Say Goodbye to the Burgers
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Say Goodbye to the Burgers

(The Verge) – Thanks to the MTV show “Jersey Shore”, many men of our area are now commonly thought to be bodybuilding guidos. A daily routine for them consists of going to the gym, tanning, doing some laundry and wrapping up with a full course Italian style meal complete with chicken parm, meatballs, cheesy garlic bread and creamy alfredo pasta. Now picture these men sitting around a table, flexing their perfectly tanned muscles and discussing how much they bench while munching on some lettuce for dinner. You would think it’s impossible for them to keep their shape without any meat or whey protein, the staple for dedicated athletes. Yet, they are still extremely toned and have more energy after a day at the gym than the carnivorous bodybuilders. What’s the secret? A vegan lifestyle.
The other day, Monmouth Area Vegetarian Society hosted Marc Rosamilia at Monmouth University. Marc admitted to being one of the protein-focused, bodybuilding guidos that we often associate with the Jersey shore. Yet, after a trip to his doctor’s office, receiving some high numbers on his blood-work and doing some research on whole food plant-based diets, Marc decided to become a vegan. Many people are more familiar with vegetarians and know that they don’t eat meat, fish or poultry. But you may be wondering, what does being a vegan consist of? In addition to being a vegetarian, vegans also do not eat any other animal products such as eggs or dairy products. During his presentation, Marc answered all of the questions that one may have about veganism and why people choose this lifestyle.
The biggest athletic myth concerned with being a vegetarian and vegan is that these lifestyles do not provide enough options for protein. Many people think that you can only get protein from meat. Marc was taking in about 300 grams of protein per day while eating meat and whey protein. However, Marc showed us the simple breakdown of how vegetables such as spinach and broccoli can provide more protein than a piece of grilled chicken. In fact, these vegetables contain more than 20 percent protein and it is all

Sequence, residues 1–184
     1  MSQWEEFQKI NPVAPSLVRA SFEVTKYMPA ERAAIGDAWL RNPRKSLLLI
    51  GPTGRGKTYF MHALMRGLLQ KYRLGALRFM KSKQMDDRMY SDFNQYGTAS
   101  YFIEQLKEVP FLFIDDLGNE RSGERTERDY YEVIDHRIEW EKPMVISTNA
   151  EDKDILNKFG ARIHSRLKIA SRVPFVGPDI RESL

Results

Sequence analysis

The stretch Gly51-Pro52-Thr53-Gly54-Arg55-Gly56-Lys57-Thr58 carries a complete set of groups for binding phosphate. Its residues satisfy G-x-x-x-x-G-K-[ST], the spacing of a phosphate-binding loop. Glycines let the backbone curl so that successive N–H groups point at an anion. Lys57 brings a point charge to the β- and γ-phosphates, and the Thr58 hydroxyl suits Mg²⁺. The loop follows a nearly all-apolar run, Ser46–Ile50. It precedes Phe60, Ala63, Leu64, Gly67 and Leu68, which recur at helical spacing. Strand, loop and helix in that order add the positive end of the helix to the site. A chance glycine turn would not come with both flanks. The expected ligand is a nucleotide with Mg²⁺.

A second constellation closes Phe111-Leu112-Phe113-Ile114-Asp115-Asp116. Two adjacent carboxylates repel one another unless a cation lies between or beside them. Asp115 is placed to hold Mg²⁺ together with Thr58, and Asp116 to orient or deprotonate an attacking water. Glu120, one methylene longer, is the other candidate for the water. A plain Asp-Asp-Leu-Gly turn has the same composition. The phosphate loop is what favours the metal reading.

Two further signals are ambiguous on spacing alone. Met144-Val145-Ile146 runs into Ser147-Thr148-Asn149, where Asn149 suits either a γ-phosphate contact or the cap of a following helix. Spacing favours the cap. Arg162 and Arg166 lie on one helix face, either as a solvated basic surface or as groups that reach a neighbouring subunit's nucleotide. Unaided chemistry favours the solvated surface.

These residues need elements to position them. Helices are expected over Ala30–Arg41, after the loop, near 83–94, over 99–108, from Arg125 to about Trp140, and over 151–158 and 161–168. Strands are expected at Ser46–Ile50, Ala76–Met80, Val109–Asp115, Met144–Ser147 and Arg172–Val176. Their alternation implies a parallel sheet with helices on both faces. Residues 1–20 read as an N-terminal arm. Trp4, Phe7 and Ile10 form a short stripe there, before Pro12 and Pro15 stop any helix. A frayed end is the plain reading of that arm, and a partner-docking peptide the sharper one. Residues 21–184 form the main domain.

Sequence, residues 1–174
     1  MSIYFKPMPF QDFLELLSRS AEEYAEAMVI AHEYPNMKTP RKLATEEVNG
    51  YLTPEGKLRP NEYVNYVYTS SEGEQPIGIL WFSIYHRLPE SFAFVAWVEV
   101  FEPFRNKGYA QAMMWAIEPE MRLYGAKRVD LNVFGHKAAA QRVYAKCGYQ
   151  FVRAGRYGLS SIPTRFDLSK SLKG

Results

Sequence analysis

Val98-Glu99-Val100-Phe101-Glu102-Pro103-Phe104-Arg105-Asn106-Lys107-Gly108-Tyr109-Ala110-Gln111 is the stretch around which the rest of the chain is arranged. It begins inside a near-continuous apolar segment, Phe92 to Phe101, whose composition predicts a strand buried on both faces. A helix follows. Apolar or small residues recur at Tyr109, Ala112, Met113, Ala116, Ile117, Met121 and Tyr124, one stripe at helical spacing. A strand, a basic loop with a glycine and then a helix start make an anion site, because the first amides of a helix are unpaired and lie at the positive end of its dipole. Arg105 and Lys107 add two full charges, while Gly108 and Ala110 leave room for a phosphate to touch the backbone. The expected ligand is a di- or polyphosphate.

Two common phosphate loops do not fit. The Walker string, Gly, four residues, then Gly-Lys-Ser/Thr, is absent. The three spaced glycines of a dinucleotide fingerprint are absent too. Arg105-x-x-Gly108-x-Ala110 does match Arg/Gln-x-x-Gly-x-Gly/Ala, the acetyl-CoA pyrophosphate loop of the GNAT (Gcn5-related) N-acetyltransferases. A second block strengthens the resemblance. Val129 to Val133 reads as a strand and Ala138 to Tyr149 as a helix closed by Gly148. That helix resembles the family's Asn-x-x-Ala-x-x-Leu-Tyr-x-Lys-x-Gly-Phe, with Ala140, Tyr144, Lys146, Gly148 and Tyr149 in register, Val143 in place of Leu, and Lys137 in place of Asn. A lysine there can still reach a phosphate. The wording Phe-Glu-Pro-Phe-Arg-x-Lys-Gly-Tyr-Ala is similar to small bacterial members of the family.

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bio-available, meaning it is ready to be absorbed in to your bloodstream providing greater stored energy than the protein of meat, which is essentially a ‘dead food’. Now, Marc only takes in about 100 grams of protein per day, but all are bio-available. Animal protein is also acidic, causing inflammation in the body that leads to injury. The body performs best at a pH level of 7.4, slightly more alkaline than acidic. Alcohol, soda, meat and artificial sweeteners are some of the most acidic foods. By staying away from these foods and incorporating a plant-based diet, your body will remain closer to the 7.4 pH and reap major benefits. When sticking to a whole food plant-based diet, you will automatically begin to lose body fat. Your energy levels will noticeably increase. Your skin will clear up and produce a natural glow. The risks of heart disease, cancer, diabetes, hypertension, obesity and many other conditions will decrease drastically. These benefits are all enough to perk someone’s interest in learning more about veganism, but the transition to the vegan lifestyle is certainly not easy. Even Marc had to find sources of inspiration when forming his new eating habits. To begin, he read The China Study, by Dr. T. Colin Campbell. The book details an extensive study regarding nutrition and heart disease, diabetes and cancer. He also studied the research of Dr. Caldwell Esselstyn, who has proposed that a plant-based diet can prevent, stop and even reverse the progression of heart disease.